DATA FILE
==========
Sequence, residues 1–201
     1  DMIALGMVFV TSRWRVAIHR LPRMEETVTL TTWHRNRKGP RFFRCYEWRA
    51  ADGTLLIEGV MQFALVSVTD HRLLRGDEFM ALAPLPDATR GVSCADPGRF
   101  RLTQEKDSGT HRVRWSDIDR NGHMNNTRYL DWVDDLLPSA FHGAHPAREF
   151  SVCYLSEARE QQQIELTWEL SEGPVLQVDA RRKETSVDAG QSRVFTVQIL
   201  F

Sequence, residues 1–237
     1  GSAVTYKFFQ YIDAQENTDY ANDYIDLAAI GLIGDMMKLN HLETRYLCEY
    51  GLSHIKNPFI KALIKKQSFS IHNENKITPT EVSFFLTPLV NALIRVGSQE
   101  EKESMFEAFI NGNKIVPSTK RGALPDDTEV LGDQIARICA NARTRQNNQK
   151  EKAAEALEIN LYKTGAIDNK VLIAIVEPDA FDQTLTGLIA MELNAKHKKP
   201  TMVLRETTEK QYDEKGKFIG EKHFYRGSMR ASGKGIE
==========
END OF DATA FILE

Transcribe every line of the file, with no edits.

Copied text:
Sequence, residues 1–201
     1  DMIALGMVFV TSRWRVAIHR LPRMEETVTL TTWHRNRKGP RFFRCYEWRA
    51  ADGTLLIEGV MQFALVSVTD HRLLRGDEFM ALAPLPDATR GVSCADPGRF
   101  RLTQEKDSGT HRVRWSDIDR NGHMNNTRYL DWVDDLLPSA FHGAHPAREF
   151  SVCYLSEARE QQQIELTWEL SEGPVLQVDA RRKETSVDAG QSRVFTVQIL
   201  F

Sequence, residues 1–237
     1  GSAVTYKFFQ YIDAQENTDY ANDYIDLAAI GLIGDMMKLN HLETRYLCEY
    51  GLSHIKNPFI KALIKKQSFS IHNENKITPT EVSFFLTPLV NALIRVGSQE
   101  EKESMFEAFI NGNKIVPSTK RGALPDDTEV LGDQIARICA NARTRQNNQK
   151  EKAAEALEIN LYKTGAIDNK VLIAIVEPDA FDQTLTGLIA MELNAKHKKP
   201  TMVLRETTEK QYDEKGKFIG EKHFYRGSMR ASGKGIE